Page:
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The new department will be run by Richard Aronowitz-Mercer, a former deputy director of Sotheby’s Imp and Mod department, as well as director and senior curator of the Ben Uri Gallery, London.

Mr Aronowitz-Mercer, who describes Bloomsbury as “not constrained by traditional, preconceived ideas, flexible and happy to tailor services to our clients’ needs” said he hopes to attract the more financially attainable Impressionist and Modern art, such as artist-decorated ceramics.

While the backbone of the first sale on December 7 is expected to be European and British artists from the 1870s to the present day with prices staring at £1000, Bloomsbury say they are especially interested in developing Contemporary art sales for the many artists whose work rarely appears at auction in London. “We envisage Bloomsbury Auctions becoming the place for today’s artists to sell their work,” said the new head of department.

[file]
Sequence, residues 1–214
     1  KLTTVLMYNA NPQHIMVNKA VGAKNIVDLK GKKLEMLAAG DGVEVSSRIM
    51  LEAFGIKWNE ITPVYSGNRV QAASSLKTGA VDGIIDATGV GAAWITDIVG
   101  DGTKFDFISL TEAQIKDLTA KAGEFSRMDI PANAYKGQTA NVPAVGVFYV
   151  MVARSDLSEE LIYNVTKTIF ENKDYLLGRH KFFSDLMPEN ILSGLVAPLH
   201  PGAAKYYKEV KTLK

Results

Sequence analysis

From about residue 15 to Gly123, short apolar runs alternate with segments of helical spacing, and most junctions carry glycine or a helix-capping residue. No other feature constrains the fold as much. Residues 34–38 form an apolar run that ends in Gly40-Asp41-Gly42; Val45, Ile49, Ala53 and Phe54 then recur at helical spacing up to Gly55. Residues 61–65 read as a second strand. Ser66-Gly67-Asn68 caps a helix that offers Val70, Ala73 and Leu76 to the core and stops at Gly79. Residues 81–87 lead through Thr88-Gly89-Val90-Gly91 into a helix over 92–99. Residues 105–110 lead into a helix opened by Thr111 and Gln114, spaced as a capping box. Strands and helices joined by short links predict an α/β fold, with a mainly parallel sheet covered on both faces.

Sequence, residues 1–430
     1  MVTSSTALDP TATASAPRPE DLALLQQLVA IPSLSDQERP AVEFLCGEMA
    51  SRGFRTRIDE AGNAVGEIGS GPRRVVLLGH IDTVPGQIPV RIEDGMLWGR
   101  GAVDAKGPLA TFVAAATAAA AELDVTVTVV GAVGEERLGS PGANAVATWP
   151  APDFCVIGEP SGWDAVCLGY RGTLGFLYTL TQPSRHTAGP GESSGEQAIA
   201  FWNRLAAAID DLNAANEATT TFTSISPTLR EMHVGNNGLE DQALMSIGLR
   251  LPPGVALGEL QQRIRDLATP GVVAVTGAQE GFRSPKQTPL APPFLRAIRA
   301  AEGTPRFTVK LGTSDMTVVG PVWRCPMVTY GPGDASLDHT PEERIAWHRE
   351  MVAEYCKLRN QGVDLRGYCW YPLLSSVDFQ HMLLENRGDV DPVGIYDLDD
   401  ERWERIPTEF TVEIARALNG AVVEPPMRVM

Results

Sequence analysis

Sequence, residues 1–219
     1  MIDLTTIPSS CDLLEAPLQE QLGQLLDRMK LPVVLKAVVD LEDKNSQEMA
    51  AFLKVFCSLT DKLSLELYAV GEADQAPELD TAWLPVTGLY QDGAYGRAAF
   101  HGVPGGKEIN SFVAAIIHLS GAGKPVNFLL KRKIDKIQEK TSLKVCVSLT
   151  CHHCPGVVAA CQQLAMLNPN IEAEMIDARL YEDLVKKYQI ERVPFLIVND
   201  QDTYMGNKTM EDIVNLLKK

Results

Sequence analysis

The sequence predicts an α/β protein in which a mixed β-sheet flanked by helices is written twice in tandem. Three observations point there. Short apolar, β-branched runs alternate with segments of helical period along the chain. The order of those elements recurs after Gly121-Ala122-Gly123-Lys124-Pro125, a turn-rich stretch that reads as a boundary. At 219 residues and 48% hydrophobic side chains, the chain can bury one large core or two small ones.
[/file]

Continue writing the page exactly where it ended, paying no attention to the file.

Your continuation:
Earlier this year Bloomsbury moved to Maddox Street to be within easy walking distance of the other major auction houses, galleries and antiquarian book shops, and changed its name from Bloomsbury Book Auctions to Bloomsbury Auctions.

The new name reflects the company’s desire to expand into new markets – announcements of other new departments are expected over the coming months.